App Reviewed on: iPod Touch 4g
iPhone Integration Rating:
User Interface Rating:
Re-use / Replay Value Rating:
Updated 10-7-2011: Parkbud has just updated to 2.0 and is currently free in the App Store for a limited time. This update brought with it a bucketload of new features including "Parkbud Pay", the ability to pay for parking via the phone anywhere in the world that mobile parking payments are accepted. This includes a function to calculate the cost of tickets based on time of day purchased and the option to renew tickets while out and about away from your parked car. Also added is a $0.99 in-app purchase option called "Parkbud Pro" which provides new features including a point of interest locator, compass and rotating map, a parking level widget, and additional "rotating wheels and sliding doors" UI enhancements.
One of my favorite axioms is “the human brain is meant for processing, not storage.” Remembering trivial facts, like where you parked your car or how much time is left before get a ticket is one of those things that’s a waste of the brain’s potential. It’s a good use for a mobile device, however, and ParkBud combines several useful parking-related functions into one truly gorgeous application that takes yet another fact off your mind.
The main screen bears a resemblance to a sexy futuristic parking meter. The large number pad makes it easy to enter meter time with fat fingers. Press the “enter” button, and gears and dials spin and whirr like a mechanical timepiece. It produces an effect so delightfully impressive that I cleared and re-entered the time again just so I could see it happen over and over.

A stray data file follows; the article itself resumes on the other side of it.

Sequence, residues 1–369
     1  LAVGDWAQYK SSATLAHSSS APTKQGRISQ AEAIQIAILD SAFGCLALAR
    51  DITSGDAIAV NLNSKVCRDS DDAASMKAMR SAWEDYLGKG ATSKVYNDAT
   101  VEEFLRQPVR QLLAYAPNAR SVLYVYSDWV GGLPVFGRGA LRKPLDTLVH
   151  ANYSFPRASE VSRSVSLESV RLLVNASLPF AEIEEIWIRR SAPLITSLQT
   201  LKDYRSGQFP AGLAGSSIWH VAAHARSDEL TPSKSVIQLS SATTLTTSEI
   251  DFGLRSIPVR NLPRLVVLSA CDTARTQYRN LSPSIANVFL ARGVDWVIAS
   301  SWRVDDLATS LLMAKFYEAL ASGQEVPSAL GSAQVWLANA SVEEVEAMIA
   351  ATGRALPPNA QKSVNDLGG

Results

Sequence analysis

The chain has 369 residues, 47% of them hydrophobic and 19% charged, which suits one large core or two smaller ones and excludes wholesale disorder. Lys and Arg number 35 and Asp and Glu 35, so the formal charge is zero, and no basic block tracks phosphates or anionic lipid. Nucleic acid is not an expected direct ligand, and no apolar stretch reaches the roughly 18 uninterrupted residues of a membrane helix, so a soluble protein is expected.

One of two minor complaints with this app: it took me a few tries to dial the alarm time to exactly the right number of minutes. I would recommend making the tickmarks further apart on the dial to help with this. The alarm sound is the same melody that Apple uses to announce completion of a DVD burn job.
ParkBud thoughtfully integrates location awareness and can mark one parking location on the map; subsequent pins delete the one before, after a warning message. One tap brings up parking-related business and ramps, or in my case, the office where I go to pay my parking tickets. Walking directions, modeled after Google Map’s turn-by-turn direction feature, plot a path from the user’s current location back to the dropped pin.
If for some reason the map and location awareness feature fails, or if a point of interest or a to-do item appears along the way, ParkBud gives two more additional options: users can store a single photo (either take it in-app or pull an existing image from the Camera Roll), or take advantage the virtual 5-page notebook. Second minor complaint: I had a hard time getting the “cover” of this notebook to open and the pages to flip, as it seemed to require a very specific touch gesture which didn’t match the illustration on the cover.
Besides being highly functional, ParkBud’s user interface is simply a joy to use. Beyond simple eye candy, there are numerous design flourishes that enhance the overall user experience without going over the top. There’s not much “design for design’s sake” here; just about every shadow, gradient and sound is carefully engineered to give the feeling that you are working with a true best-in-class piece of programming.
For ParkBud’s meager price tag, users get a pleasant, hassle-free use experience, and the fact that it will probably pay for itself after the first parking ticket is avoided is almost an afterthought.